The Bicycle Patrol began in Longmeadow September of 1994. The 1st bikes and equipment were purchased from private donations. The first bike was a Raleigh FT500 Police Series specifically designed for the rigors of police patrol. It is constructed similar to most mountain bikes, however the handlebars and seat are positioned father back of the frame so that the officer has better visibility.
The basic bike, unequipped retails for $500. There are presently 4 bikes:
The idea for a bike patrol was 1st conceived by 2 patrolman and then the idea was proposed to the Chief of Police. It was part of this department's on going commitment to Community Policing. There were 3 Officer assigned to the initial bike patrol.
Since then 3 more officers have been added to the patrol. In the summer of 1996, all bike officers completed the newly created state certified bike patrol course COBWEB (Cops on Bikes with Education in Bicycling). It is a 3 day intensive course.
It is loosely based on a course that was originated by the Seattle Washington Police Department They were the 1st department in the country to use a bike patrol as an effective way to patrol urban areas because of traffic concerns.
Our bike officers have been used for special assignments such as large sporting events and the annual town festival Longmeadow Days. The bike patrol has also been used for patrolling areas that have experienced an unusual increase in the amount of crimes committed. It has been used at all hours of the day and night, and officers have patrolled on bikes well into November.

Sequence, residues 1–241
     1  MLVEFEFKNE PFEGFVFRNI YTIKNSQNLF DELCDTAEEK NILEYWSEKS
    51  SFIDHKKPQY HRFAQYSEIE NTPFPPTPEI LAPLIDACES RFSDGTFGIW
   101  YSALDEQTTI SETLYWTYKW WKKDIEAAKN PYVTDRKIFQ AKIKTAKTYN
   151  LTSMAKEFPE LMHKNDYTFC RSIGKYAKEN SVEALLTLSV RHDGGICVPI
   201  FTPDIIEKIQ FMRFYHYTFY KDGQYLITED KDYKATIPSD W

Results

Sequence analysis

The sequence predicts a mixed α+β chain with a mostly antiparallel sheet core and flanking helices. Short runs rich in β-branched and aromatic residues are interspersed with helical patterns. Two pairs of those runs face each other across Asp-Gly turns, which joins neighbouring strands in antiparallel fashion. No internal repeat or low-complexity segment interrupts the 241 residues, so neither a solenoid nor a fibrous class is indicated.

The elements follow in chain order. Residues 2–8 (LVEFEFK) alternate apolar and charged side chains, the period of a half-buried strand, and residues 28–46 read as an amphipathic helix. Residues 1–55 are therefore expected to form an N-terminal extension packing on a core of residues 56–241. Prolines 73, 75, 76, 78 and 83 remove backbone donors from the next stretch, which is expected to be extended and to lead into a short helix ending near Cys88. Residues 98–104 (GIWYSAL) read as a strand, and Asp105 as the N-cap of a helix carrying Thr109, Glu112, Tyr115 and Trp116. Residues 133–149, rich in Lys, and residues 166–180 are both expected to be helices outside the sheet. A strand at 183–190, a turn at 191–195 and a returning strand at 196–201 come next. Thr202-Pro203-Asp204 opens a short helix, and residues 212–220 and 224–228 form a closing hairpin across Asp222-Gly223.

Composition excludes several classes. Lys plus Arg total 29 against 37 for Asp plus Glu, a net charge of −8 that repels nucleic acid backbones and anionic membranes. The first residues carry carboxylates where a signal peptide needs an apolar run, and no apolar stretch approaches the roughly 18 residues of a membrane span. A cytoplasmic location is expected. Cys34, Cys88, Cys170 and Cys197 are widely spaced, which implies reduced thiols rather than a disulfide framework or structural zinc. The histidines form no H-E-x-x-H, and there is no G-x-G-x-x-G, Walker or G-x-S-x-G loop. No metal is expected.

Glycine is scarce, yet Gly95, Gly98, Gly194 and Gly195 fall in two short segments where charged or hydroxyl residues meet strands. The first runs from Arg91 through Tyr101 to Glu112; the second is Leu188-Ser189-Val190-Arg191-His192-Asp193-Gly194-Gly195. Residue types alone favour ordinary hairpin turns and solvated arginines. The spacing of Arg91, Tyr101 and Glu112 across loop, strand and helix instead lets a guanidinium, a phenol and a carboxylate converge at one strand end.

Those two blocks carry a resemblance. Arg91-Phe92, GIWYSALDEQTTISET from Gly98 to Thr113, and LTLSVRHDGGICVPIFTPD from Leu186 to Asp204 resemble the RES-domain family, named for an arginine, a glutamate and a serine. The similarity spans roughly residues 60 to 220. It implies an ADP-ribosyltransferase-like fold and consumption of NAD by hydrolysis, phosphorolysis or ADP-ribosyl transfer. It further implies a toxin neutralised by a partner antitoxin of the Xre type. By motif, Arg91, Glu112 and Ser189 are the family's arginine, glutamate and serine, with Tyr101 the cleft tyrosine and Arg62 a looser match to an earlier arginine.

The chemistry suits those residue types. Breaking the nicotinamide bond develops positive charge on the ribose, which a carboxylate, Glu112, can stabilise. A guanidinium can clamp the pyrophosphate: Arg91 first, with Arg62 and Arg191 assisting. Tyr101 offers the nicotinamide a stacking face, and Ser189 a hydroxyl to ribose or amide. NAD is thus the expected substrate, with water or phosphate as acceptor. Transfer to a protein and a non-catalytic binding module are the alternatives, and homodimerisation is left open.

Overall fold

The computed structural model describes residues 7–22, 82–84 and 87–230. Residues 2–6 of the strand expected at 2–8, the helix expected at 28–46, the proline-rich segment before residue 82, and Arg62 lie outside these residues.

The officer on the bike is able to respond to all areas town sometimes responding to situations quicker than the patrol car. It is also able to patrol remote areas where vehicle traffic is prohibited or unable to access. Because of the stealth like approach, officers on bikes have been credited with several arrest that may have gone undetected by vehicle patrol. The true benefit of the officer on bike is approachability.
The citizen as a whole find the bike less intrusive and are more apt to approach the officer for conversation or to lodge a complaint.